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Original Shame Part 2

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Note: This article is part of an ongoing series on Pope St. John Paul II’s “Theology of the Body.”

As described in my previous article, Pope St. John Paul II regarded the emergence of shame in the wake of the original sin committed by our first parents as a “boundary experience” that demarcates original man and historical man. Prior to this experience, man and woman were naked and felt no shame, but after their rebellion and fall from grace, they hid themselves from God and from each other. Last month, we looked at the impact of original shame on man’s relationship with God. Let’s now look at how it has impacted the relationship between the sexes.

Original shame reflects a decisive shift in the relationship between man and woman. Prior to original sin, we have seen that our first parents experienced a “fullness of consciousness of the meaning of the body” reflected in their experience of being naked without shame (TOB 12.3). The purity of vision they enjoyed enabled them to see the inner reality of the person made in God’s image revealed through the body, and it moved them to affirm the dignity of the person in all their interactions. Their desires, including for sexual union, were fully integrated with this purity of vision and intention toward one another. Being in the state of original innocence and filled with God’s grace, their interior and interpersonal lives were fully ordered toward love and respect for the person.

After their fall from grace, our first parents’ situation radically changes. The man begins to experience shame in regard to the woman and vice versa. This “reciprocal shame” “compels them to cover their nakedness, to hide their own bodies, to withdraw from man’s sight what constitutes the visible sign of femininity and from woman’s sight what constitutes the visible sign of masculinity” (TOB 28.1). Pope St. John Paul II attributed this sexual shame to the emergence of concupiscence.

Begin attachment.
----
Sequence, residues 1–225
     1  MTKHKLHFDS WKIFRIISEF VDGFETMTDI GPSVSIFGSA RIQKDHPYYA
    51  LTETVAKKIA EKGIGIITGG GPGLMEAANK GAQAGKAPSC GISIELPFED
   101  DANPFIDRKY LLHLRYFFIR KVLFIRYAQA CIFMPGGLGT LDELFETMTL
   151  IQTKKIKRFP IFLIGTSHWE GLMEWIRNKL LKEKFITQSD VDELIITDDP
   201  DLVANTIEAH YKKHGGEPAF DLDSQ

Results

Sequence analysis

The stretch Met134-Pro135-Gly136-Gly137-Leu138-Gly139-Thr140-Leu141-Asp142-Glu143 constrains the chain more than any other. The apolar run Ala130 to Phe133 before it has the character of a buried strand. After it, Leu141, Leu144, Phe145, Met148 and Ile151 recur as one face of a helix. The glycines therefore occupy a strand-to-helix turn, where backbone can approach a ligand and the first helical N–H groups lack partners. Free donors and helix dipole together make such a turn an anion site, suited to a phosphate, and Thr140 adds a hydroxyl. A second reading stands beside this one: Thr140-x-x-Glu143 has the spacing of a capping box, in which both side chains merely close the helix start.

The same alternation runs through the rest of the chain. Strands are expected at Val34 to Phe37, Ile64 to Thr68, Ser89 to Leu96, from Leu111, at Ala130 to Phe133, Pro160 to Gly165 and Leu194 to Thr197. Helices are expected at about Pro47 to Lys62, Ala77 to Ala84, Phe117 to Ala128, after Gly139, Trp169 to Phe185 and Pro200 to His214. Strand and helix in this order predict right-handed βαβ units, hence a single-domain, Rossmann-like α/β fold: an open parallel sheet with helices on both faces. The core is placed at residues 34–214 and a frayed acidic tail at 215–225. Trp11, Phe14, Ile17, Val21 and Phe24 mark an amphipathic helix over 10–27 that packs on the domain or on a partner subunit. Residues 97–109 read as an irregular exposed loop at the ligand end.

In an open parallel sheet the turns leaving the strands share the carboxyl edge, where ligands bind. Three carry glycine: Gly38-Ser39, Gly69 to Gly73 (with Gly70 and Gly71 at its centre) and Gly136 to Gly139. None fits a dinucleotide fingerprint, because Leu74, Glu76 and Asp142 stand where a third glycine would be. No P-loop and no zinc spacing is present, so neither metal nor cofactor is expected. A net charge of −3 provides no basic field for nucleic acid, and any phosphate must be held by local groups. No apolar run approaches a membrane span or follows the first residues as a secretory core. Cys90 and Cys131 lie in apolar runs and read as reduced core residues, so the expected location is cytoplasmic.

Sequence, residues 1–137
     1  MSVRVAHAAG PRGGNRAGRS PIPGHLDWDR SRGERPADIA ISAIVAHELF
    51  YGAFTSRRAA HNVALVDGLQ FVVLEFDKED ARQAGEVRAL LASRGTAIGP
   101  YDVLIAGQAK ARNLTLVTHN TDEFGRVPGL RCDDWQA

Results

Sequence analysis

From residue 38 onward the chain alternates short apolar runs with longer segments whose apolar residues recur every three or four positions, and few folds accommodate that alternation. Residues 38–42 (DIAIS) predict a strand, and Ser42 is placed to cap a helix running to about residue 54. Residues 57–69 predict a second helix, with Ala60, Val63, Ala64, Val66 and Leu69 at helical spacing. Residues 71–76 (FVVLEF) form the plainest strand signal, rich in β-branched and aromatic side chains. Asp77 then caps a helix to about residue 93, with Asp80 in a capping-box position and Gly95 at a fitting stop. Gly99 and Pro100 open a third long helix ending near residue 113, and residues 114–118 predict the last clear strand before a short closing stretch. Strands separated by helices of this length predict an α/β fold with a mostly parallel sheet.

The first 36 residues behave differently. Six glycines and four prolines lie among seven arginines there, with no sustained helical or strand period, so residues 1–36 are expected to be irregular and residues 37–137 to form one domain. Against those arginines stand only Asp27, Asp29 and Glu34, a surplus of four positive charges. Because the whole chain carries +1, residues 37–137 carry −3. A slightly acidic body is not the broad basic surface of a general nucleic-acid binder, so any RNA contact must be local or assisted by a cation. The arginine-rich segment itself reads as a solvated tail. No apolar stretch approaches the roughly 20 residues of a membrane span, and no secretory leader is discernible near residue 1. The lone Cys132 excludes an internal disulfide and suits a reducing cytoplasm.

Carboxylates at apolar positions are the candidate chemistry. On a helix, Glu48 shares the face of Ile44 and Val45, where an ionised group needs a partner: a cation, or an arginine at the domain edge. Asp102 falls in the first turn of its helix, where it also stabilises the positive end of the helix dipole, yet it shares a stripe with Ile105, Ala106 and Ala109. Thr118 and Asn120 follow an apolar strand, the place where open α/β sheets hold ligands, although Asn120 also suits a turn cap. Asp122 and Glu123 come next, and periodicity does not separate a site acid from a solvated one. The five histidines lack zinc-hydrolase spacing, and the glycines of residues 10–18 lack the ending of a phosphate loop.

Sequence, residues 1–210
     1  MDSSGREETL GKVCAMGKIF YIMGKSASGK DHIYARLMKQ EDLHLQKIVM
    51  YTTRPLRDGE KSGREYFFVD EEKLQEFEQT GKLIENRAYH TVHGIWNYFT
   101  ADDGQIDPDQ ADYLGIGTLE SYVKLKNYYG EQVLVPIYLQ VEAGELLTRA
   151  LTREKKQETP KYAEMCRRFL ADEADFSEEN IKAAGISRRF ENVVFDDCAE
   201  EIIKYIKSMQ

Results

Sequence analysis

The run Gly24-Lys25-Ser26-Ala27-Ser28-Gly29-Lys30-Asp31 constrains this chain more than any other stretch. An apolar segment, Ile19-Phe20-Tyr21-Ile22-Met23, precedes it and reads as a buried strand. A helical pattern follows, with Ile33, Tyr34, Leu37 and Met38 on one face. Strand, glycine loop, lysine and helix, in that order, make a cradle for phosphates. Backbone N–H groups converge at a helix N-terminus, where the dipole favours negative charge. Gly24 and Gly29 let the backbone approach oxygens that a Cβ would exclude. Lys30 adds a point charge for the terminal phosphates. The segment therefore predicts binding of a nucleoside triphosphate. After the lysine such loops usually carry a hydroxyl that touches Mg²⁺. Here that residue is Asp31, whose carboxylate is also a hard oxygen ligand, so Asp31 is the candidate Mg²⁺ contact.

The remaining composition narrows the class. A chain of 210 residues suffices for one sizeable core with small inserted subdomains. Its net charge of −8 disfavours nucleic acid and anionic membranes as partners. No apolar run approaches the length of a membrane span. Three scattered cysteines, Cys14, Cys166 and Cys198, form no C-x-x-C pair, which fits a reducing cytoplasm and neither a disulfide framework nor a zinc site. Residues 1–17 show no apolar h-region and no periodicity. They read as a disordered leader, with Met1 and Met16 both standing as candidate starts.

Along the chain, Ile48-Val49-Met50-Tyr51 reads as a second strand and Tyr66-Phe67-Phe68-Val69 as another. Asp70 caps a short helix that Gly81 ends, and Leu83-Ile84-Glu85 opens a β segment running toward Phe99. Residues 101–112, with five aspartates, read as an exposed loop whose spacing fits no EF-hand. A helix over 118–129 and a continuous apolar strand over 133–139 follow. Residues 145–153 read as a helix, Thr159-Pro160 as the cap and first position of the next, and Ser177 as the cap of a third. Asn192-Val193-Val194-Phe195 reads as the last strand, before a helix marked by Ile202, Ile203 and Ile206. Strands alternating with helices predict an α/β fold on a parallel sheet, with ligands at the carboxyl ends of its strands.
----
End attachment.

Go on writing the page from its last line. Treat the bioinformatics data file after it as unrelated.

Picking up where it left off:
Concupiscence refers to the inclination to sin that all of us experience because we inherit a fallen, wounded human nature. It emerged in our first parents after original sin, which damaged the harmonious integration they had experienced within themselves and in their relationships with God, each other, and the rest of creation. In particular, after original sin, “the control of the soul’s spiritual faculties over the body is shattered; the union of man and woman becomes subject to tensions, their relations henceforth marked by lust and domination” (CCC, 400).

The disharmony within the human person naturally leads to disharmony between man and woman. Their desires for one another are no longer properly ordered and instinctively guided by truth and love. Rather, when they see one another’s bodies, they now see primarily the exterior features rather than the interior reality of the person. The purity of vision that previously enabled them to always behold the dignity of the person now gives “up its place to the mere sensation of ‘sexuality’” (TOB 29.3). With concupiscence, man and woman are now prone to see each other as objects of use. Indeed, we struggle to see the inner reality and dignity of the person revealed by the body and tend to settle merely on the exterior features, judging and evaluating according to our selfish purposes.

This situation gives rise to shame between man and woman in two ways. First, we experience shame because we are aware that we are not in control of our desires toward each other and the bodily manifestations of these. We experience sexual feelings and respond to sexual signals even when we do not will it. Shame moves us to hide this inner state of disorder and the bodily manifestations of it from one another. Second, shame emerges to protect us from the now disordered gaze of others. Sensing that others may see us in a disordered way, shame takes on a protective function, moving us to conceal the sexual features of our bodies and exercise modesty. We will delve more into this positive, protective aspect of shame next time.

Dr. Andrew Sodergren, MTS, PSY.D is a Catholic psychologist and director of psychological services for Ruah Woods. He speaks on the integration of psychology and the Catholic faith. He and his wife, Ellie, have five children.

This article appeared in the March 2023 edition of The Catholic Telegraph Magazine. For your complimentary subscription, click here.

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